Kashmir Restaurant location in Bioshock
This moment in Bioshock (2007) wonderfully demonstrates the difference between explicit and implicit narrative. The voice of Atlas is telling you explicitly about the events that ruined the city.
The restaurant implicitly reinforces the narrative. There are decorations everywhere, bottles of alcohol, remnants of costumes people wore, party hats and a large fallen down sign that says “Happy New Year 1959” while the game takes place in 1960. Even without any explicit narrative, the environment tells the player that one year ago, something dramatic and violent happened that left the city in ruins. It must have been sudden and unexpected as people were still right in the middle of a party.
Comparison of two brother’s bedrooms in Pokemon Sword
So use the environment carefully to underline or build upon the narrative. The way a character’s bedroom is dressed says a lot about their personality; whether they’re messy or organized, do they have any particular hobbies or do they like a certain genre of music? There’s a lot you can convey about the characters and the world around them without needing words at all.
Emergent narrative isn’t directly pre-planned. It’s the narrative that’s created by the player(s) themselves through their interactions with the game’s systems and/or other players.
We’ve seen that procedural generation, when done right, can be a treasure trove of emergent narrative, e.g. No Man’s Sky.
A player's self-constructed base in No Man’s Sky (2016)
In No Man’s Sky virtually any player will have their own stories to tell. For example, a player could decide to stick to one planet and build a lovely farm that they can call home. After they stop by the local space station to buy some goods they talk to one of the other lifeforms there that talks about how much they miss the freedom of travelling the galaxy. This inspiration, plus the player being annoyed by the regular storms on their home planet decides to leave the farm life behind and go on an adventure.
The flexibility of procedurally generated content often allows for non-scripted narrative to form. However, AI mixed in with a couple of game systems like local economies, dynamic weather and/or randomized encounters can create plenty of interesting scenarios as well.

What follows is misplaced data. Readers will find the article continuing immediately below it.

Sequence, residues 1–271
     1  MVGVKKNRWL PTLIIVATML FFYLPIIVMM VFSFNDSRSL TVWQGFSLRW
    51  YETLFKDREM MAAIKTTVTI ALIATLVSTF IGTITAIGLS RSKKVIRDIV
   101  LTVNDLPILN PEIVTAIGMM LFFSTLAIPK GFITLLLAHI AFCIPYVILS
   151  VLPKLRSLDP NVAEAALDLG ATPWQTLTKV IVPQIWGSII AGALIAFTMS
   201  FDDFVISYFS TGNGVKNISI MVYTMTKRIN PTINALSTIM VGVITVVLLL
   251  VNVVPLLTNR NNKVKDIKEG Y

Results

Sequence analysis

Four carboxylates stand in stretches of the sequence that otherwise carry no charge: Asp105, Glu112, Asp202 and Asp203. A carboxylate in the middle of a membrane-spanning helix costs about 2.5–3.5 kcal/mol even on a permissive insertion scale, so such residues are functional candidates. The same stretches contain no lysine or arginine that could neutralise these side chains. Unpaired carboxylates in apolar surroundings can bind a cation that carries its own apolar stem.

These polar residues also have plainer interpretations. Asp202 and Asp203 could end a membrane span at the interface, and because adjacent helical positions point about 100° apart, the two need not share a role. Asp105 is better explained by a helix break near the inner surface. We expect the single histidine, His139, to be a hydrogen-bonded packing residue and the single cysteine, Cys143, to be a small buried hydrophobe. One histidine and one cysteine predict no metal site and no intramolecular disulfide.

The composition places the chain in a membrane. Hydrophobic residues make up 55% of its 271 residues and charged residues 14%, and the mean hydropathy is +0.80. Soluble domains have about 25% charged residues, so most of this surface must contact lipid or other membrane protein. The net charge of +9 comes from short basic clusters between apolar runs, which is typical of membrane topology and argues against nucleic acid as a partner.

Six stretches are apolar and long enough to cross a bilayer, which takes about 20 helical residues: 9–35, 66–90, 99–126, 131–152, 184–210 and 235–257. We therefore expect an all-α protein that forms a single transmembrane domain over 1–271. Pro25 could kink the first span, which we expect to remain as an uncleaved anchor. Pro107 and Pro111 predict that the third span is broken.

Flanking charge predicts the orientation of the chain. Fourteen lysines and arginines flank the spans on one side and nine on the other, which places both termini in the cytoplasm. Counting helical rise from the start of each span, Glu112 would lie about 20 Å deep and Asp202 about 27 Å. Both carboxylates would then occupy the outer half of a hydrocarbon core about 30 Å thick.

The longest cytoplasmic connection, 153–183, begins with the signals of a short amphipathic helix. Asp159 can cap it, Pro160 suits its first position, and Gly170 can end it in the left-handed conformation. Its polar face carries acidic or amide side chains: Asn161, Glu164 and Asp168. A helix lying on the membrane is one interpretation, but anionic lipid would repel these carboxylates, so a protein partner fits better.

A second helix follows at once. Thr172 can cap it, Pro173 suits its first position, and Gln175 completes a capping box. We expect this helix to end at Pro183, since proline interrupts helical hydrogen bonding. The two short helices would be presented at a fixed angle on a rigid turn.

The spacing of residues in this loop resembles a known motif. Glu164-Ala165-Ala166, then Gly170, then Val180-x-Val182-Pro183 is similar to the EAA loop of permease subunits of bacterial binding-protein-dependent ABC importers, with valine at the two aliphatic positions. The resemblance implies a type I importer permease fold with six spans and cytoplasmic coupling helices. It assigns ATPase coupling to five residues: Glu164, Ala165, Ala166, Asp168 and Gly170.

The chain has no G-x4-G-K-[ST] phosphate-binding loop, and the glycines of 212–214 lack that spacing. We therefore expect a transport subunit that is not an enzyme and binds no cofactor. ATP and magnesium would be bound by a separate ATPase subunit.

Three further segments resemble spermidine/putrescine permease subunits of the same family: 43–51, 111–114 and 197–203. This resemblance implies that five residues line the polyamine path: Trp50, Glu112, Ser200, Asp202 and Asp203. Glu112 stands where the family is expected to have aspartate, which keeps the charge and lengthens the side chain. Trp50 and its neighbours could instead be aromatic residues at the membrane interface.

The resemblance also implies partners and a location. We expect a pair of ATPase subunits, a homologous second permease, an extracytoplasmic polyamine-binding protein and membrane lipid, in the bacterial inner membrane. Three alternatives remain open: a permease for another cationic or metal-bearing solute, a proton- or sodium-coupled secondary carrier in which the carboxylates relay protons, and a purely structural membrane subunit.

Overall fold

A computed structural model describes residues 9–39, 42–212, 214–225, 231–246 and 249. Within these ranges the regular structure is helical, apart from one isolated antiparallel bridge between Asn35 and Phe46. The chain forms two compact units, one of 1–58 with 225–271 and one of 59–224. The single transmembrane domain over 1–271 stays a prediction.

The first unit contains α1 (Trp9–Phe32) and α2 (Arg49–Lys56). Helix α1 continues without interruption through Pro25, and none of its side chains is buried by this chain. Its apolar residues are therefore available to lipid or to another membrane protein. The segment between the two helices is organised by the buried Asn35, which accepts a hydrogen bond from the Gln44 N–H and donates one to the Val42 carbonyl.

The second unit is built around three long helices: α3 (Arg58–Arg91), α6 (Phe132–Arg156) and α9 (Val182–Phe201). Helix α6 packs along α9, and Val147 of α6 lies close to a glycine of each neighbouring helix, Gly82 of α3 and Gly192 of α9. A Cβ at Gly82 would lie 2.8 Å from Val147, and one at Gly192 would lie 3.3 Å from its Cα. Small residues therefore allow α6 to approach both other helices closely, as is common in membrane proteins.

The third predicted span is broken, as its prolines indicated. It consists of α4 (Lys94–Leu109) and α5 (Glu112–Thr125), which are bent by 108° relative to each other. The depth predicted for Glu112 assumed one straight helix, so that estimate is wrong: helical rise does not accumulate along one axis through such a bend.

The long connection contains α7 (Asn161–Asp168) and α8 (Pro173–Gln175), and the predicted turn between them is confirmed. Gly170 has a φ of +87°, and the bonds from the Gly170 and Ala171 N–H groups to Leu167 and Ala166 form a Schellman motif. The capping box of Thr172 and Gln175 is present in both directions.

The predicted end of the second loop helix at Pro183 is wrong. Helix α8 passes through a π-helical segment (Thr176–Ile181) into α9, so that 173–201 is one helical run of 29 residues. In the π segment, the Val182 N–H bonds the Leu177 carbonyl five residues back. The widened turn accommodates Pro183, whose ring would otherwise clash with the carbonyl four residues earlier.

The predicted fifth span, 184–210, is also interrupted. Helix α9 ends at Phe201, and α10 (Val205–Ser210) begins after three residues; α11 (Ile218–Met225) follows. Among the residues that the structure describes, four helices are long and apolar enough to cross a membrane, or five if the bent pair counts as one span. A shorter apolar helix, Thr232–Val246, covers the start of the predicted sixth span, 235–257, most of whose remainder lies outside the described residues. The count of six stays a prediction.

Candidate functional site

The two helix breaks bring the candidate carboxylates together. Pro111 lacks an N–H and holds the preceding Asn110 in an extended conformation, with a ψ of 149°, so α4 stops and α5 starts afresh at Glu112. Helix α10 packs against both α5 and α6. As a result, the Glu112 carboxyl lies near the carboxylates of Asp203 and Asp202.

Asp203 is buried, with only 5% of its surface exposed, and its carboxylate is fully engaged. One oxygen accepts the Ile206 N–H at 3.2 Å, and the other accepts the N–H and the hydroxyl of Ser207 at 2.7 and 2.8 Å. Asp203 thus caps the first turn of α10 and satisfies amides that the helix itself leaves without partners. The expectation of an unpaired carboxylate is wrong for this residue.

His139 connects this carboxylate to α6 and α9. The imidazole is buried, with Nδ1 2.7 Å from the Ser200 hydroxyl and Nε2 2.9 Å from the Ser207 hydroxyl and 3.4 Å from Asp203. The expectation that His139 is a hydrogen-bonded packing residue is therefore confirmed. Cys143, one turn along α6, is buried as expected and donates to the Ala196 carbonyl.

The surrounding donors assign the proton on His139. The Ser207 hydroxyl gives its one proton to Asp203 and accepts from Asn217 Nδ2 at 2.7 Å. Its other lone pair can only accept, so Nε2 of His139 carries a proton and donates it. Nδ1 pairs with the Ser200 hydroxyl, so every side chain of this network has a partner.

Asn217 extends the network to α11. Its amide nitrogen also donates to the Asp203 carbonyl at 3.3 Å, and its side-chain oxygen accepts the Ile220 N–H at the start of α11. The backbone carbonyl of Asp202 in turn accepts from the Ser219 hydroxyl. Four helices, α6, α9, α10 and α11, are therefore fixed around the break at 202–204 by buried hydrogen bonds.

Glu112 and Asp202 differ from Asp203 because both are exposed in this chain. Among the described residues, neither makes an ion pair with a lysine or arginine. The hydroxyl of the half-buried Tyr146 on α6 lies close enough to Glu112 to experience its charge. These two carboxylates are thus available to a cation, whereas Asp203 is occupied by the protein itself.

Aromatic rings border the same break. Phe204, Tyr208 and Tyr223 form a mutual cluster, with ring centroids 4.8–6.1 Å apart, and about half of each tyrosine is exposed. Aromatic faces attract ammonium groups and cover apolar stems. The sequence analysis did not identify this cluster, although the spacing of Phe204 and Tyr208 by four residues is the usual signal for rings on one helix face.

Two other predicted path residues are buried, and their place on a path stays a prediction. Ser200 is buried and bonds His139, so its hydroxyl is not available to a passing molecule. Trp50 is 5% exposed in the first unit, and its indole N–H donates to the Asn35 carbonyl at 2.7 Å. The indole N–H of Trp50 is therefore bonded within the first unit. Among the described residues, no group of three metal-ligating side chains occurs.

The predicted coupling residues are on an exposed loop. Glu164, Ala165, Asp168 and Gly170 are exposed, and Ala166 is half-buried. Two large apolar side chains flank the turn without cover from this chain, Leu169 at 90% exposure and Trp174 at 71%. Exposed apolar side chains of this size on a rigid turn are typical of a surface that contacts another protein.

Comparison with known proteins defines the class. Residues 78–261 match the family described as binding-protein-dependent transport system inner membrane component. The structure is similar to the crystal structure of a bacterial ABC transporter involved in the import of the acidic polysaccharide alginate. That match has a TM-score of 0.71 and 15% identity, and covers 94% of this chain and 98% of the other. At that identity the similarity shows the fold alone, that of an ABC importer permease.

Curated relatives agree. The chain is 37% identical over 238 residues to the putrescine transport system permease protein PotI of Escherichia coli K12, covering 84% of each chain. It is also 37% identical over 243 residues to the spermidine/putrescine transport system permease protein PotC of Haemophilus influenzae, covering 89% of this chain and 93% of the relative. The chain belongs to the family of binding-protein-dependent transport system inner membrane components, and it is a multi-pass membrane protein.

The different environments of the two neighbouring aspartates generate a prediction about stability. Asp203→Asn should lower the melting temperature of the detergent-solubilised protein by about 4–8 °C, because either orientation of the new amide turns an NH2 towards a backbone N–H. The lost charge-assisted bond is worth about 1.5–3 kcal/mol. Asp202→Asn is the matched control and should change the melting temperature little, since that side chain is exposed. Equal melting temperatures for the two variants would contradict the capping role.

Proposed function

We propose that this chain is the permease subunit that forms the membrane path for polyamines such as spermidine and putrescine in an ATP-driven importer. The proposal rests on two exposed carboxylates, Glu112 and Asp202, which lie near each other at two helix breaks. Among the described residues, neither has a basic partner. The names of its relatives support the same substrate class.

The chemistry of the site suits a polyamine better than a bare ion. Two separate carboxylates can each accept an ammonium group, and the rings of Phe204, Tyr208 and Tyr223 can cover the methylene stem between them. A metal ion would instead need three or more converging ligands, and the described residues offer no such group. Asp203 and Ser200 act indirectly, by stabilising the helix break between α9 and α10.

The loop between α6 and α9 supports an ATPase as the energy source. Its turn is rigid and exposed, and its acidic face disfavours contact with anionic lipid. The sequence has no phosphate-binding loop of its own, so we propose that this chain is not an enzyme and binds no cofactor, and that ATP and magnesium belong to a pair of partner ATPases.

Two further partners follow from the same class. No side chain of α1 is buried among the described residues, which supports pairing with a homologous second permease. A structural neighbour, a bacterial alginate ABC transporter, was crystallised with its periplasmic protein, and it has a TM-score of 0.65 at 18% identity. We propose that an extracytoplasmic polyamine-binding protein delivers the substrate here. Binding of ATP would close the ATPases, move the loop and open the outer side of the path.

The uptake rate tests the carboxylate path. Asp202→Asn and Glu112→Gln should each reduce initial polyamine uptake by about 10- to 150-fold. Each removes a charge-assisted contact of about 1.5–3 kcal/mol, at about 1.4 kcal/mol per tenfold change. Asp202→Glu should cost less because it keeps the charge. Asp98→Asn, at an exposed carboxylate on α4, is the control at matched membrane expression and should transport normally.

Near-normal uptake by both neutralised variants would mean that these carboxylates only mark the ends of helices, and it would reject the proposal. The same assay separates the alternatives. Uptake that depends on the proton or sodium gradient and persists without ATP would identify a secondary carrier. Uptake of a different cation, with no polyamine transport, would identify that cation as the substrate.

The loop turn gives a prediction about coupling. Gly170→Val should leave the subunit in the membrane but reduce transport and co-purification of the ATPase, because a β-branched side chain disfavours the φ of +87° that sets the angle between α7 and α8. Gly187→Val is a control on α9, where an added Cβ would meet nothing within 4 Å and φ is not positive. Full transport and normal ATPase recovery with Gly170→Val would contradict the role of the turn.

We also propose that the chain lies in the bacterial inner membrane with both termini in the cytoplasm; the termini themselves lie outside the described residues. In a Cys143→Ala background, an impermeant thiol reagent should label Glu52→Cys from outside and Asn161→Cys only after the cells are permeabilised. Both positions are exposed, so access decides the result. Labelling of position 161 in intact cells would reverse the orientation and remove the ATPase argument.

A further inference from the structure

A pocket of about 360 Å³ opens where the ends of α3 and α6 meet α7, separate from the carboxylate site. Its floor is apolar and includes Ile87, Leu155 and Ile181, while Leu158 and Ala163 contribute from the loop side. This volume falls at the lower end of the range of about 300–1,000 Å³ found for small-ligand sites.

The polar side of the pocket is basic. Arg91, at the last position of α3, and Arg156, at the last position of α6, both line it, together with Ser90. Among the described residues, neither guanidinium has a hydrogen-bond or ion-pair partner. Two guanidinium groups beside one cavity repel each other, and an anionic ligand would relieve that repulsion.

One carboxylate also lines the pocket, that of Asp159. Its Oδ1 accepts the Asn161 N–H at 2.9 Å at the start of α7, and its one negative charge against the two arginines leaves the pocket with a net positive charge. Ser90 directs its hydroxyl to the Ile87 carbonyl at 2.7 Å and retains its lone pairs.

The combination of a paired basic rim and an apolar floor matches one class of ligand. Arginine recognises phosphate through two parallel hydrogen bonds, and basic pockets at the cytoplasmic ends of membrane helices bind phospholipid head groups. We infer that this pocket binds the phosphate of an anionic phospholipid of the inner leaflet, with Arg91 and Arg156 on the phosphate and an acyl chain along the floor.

Creating a believable world
When working on the spacial layout, set-dressing or really shaping your world in any way: Think about how the inhabitants of this world go about their daily business.
A level I built for March of War in 2013 when doing level design at ISOTX. During this gig I learned to think about the implicit narrative of a scene. E.g. if this is a sawmill, how do they export their product? This led me to improvise the railroad track overpass, giving the map a more distinctive look.
Of course, often gameplay is often more important, and you want to consider spacing, sightlines, balance and things like affordances first. But a good synergy between these aspects and attention to detail is what makes your world truly believable and adds that extra layer of immersion that allows players to forget that they're playing a game.
When designing locations, try to inhabit the people that live in a place like that or think through how a place like that really functions. Bringing well thought out implicit narrative elements to a location can really enhance or build on top of the explicit narrative that the game delivers, without any intrusion for the player. Explicit narrative can be a lot more than just cutscenes that interrupt gameplay. Also think about interactable elements in your scene that can help player’s forge their own stories and you’ve already come a long way in applying narrative to your environments.